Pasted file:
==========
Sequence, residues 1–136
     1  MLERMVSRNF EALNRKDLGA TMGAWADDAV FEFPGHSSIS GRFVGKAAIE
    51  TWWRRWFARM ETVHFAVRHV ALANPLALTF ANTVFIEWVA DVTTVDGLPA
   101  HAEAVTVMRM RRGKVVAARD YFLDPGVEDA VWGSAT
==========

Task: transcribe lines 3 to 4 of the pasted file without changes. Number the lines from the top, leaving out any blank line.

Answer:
    51  TWWRRWFARM ETVHFAVRHV ALANPLALTF ANTVFIEWVA DVTTVDGLPA
   101  HAEAVTVMRM RRGKVVAARD YFLDPGVEDA VWGSAT